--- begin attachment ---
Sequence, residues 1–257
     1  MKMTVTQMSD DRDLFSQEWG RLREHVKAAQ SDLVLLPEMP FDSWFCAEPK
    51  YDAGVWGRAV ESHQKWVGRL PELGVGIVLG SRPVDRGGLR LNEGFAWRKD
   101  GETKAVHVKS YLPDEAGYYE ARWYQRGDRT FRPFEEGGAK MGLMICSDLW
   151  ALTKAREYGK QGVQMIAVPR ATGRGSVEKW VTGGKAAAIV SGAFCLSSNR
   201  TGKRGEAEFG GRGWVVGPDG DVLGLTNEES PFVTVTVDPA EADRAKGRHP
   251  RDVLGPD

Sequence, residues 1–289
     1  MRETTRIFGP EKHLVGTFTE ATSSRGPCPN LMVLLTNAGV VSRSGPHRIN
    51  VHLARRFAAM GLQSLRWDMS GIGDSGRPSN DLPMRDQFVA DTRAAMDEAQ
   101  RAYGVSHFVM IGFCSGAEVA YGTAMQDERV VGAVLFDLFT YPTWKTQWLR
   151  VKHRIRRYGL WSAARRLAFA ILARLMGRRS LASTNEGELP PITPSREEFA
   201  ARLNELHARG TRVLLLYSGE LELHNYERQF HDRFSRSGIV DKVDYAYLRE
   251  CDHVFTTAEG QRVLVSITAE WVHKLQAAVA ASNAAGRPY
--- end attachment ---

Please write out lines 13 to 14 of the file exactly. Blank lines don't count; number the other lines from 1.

   201  ARLNELHARG TRVLLLYSGE LELHNYERQF HDRFSRSGIV DKVDYAYLRE
   251  CDHVFTTAEG QRVLVSITAE WVHKLQAAVA ASNAAGRPY